For Great Escapes this week, you’ve chosen something to do with food, haven’t you?

Jimmy   21:53

Again! Last month (or was it the month before), Luxury Escapes did what they call one of their ‘signature tours,’ where they got a couple of former Master Chef judges to go and investigate a foodie tour in Vietnam. And we’re talking about Matt Preston and Gary Mehigan and they came to Vietnam (where I am now), and they went around and they found everything from Michelin Star-level cuisine, down to street food and they took people with them. They explained what the food was all about and what the menus were all about. So Luxury Escapes put that on their website and it pretty much crashed the website. They were over-subscribed almost immediately.  I think they were coming in about $12,000 per head, because of the celebrity factor. You’re looking at the kind of thing that if you did it just as a luxury accommodation with a curated food tour, it would probably come in about $4,000 or $5,000. But anyway, they sold out. So now, they’ve come up with one to India; a food tour of India.

Sue   22:00

That’s a good idea! Fantastic! Indian food is one of my favourites.

Jimmy   22:09

Again, they’ve got Matt Preston and Gary Mehigan and they’ve been trotting around India, tasting the food in various very high-end hotels, one of which I think you have stayed in, but I haven’t. But you would rate a food tour of India with Gary and Matt? Would that be worth the shekels?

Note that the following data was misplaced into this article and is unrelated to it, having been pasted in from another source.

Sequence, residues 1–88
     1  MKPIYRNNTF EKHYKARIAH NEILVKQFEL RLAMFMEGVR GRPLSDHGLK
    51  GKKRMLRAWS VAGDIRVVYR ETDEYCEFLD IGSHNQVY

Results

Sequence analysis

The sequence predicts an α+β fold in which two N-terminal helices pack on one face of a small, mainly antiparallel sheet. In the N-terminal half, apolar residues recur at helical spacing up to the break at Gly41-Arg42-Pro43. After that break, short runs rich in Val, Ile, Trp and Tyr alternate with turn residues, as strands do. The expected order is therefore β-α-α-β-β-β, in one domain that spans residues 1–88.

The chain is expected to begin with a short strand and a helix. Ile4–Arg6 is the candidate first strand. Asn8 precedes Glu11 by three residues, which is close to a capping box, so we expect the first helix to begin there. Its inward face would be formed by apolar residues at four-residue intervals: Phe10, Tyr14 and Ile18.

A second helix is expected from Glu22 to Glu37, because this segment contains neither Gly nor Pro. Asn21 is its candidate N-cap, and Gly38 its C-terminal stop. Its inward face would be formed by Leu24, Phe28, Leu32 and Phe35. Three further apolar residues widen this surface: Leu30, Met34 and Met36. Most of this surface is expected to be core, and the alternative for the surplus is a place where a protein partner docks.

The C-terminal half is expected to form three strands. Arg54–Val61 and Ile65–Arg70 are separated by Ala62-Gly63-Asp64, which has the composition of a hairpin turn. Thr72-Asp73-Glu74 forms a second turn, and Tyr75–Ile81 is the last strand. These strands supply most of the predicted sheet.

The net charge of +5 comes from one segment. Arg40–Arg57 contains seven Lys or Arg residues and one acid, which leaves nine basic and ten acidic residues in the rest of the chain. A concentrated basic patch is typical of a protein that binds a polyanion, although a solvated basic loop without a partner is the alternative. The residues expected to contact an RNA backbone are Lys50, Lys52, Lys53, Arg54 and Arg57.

Sue   23:36

I think that will be absolutely amazing!

Jimmy   23:41

We’ve got a link to that on our Great Escapes and that will take you to the Mild Rover website, where we’re trying to focus a bit on local hotels and resorts, because people seem to like the idea of saying “let’s go away for a weekend and here’s a cheap deal at a nice new hotel,” that they hadn’t heard of before. So we’re calling them our ‘local heroes.’

Sue   24:06

Oh, fantastic. That’s a good idea. And why, Jimmy… I mean, last week, when we did this podcast, we did it over Zoom as well and you said “no, I’ll be back in Sydney next time and we will be doing it face-to-face” and you’re not; you’ve extended your time in Vietnam, haven’t you?

Jimmy   24:23

I have, because somebody’s email service crashed and I spent half a day fixing that.

Sue   24:30